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Home: Sweet Sanctuary

At home with Extraordinary Desserts’ chef-owner Karen Krasne and her family


Published:

Neighborhood
Mission Hills

Stats
2,000 square feet, with two bedrooms and 2.5 bathrooms

Her Story

Karen Krasne has built a wildly successful dessert empire around ornate cakes topped with flower petals and gold leaf, but step into the Mission Hills home she shares with her husband, Jamie Kiskis, daughter, Sahara, 11, and their three Weimaraners, and the aesthetic is decidedly less frilly. The Balinese-style abode is decked out in a neutral palate of black, white, brown, and grey, with subtle pops of color. “I need my space to be calm and monochromatic,” says Krasne, a San Diego native, who bought the property in 1997. Back then, one of the home’s major drawbacks was a  lack of connection between the interior and exterior, so Krasne worked with architect Aaron Anderson to meld the two spaces and turn it into a contemporary zen palace. “I like the mix of modern and the old,” she says. “If it’s too modern, it feels cold. Mixing warms it up.” Much of that softness comes from antique pieces Krasne has collected during travels through India, Morroco, Paris, and beyond, including a candle holder from Kyoto and bean bag from South Africa. With seven years of renovations under the family’s belt, the home feels complete—almost. “I’m happy to be done, but I’ll find something else because I can’t stop,” she says. “I love design.”

Upon entering the home, visitors can relax in the open and airy living room, which includes a jewelry chest designed in Santa Fe, traditional batik prints from Jakarta, and three pieces by the famous glass sculptor Dale Chihuly, who is friends with Krasne’s stepbrother. The chef is partial to neutral color schemes but knew the room needed a pop. “I thought, ‘I need to step out and get some color,’” she says. “I like fuschia or green.”

Morocco Memento

“I have a door fetish,” Krasne admits. For the powder room (far left), she repurposed two regal Moroccan doors. Inside is an intricate  Moroccan mirror and dresser, which Krasne and her husband previously used as a changing table for Sahara before turning it into a sink. In the living room, a Brad Durham oil painting hangs above an antique  Chinese trunk topped with a piece of Berber pottery from North Africa.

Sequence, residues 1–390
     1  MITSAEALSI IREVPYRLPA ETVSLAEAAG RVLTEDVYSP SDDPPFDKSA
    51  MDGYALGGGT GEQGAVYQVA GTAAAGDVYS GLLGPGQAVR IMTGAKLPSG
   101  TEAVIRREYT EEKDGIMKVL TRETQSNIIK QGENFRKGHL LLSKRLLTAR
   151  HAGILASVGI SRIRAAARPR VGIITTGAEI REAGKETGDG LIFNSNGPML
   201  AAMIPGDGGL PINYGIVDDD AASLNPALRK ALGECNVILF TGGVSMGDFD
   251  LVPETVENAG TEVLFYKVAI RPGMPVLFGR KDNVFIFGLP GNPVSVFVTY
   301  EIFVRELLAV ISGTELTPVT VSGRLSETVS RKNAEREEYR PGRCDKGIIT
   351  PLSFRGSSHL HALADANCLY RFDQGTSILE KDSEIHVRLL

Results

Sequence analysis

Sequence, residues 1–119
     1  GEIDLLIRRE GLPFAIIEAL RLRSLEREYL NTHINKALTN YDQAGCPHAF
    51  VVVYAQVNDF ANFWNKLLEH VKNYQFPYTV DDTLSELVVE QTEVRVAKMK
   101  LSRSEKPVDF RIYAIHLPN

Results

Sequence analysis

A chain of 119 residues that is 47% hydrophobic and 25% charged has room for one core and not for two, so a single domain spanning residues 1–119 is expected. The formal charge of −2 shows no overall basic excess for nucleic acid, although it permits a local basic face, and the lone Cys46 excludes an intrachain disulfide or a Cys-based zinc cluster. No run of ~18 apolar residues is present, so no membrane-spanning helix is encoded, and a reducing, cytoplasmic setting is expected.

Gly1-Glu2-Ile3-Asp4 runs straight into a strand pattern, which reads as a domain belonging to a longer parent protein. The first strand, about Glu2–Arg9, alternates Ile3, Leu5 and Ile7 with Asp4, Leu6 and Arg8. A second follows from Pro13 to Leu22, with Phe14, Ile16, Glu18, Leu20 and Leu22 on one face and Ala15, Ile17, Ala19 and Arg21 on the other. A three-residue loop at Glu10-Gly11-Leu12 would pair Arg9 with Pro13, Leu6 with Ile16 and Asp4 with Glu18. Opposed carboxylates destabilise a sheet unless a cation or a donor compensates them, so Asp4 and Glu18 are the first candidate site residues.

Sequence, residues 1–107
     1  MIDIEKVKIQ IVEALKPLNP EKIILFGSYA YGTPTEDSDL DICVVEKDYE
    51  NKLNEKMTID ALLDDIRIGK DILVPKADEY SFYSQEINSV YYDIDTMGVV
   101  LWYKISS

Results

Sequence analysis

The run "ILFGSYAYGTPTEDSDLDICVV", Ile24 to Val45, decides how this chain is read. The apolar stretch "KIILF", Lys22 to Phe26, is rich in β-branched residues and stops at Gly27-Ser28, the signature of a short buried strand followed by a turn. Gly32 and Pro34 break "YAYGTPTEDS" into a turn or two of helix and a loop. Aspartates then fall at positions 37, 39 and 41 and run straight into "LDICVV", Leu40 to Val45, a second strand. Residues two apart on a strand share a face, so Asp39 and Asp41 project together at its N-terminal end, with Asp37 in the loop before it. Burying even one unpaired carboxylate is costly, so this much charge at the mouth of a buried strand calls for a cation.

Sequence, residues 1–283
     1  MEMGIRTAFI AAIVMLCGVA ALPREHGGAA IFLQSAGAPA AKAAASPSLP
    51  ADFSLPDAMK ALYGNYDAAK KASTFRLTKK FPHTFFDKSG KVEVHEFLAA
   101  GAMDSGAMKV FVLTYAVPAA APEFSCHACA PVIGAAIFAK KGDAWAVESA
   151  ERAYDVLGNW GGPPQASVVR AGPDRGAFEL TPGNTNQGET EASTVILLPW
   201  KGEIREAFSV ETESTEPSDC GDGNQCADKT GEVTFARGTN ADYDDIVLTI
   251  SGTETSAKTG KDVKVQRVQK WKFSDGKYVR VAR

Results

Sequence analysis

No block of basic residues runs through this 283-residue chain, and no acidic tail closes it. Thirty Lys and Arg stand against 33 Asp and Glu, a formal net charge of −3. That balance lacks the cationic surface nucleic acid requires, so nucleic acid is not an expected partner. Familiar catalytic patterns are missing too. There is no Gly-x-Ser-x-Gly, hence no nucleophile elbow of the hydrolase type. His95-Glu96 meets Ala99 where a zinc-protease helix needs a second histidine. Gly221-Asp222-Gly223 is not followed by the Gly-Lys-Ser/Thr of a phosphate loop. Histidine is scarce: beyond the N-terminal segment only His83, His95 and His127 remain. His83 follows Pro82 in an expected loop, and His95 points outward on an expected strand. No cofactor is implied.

Tricks of the Trade

“The kitchen is more technical,” says Krasne, who worked on her first cookbook during the space’s renovation, which involved doubling its size, and increasing counter space, prep areas, and storage. The cabinets are made of an eco-friendly farmed teak, while the countertops are sustainable quartz. A built-in sofa in the dining room (above) gives the family a place to lounge, and a custom bookshelf next to the dining table keeps Krasne’s reference books handy. Her father found the chandelier at an auction in Austria, and Chula Vista-based Gibson & Gibson Antique Lighting turned the piece, which was originally used in an opera house, into a light fixture.

“Once a week she probably creates something new,” Jamie says of his wife’s culinary prowess. “She’s an amazing cook. She has a passion for it.”

A liquor cabinet is neatly tucked away in the living room and incorporates the same farmed teak used in the kitchen. To keep with the home’s Far East aesthetic, they added Asian-style handles from L.A.’s Berbere World Imports to the cabinet doors.

For the master bathroom, Krasne pulled inspiration from a past vacation at an Aman Resort, the luxury hotel chain known for its minimalist design. “I love to stay at too-expensive hotels,” she says. “If I see something, I think, ‘I have to do that!’”

The newly completed master bedroom patio is outfitted in highly durable, low-maintenance ipe wood. Pieces from Bali and the Philippines along with a bean bag from Restoration Hardware give the space warmth—as does the patio’s west-facing direction. “It’s going to be a good spot for tanning!” Krasne says.

“I love to stay at too-expensive hotels. I see something, I think, ‘I have to do that!’”

Custom Courtyard

The entry patio was one of the first areas Krasne and Anderson tackled, 10 years ago. Moroccan lamps purchased during her travels served as inspiration, which led to the cement panel with perforations similar to the lanterns, as well as a custom Starphire glass fire pit and handmade metal furniture by local artist Brian Linn. The space is a favorite for entertaining. “We use this as an extended kitchen,” Krasne says.


An earlier version of this story incorrectly stated that Little Italy’s Extraordinary Desserts was designed by Aaron Anderson. It was designed by Luce et Studio.

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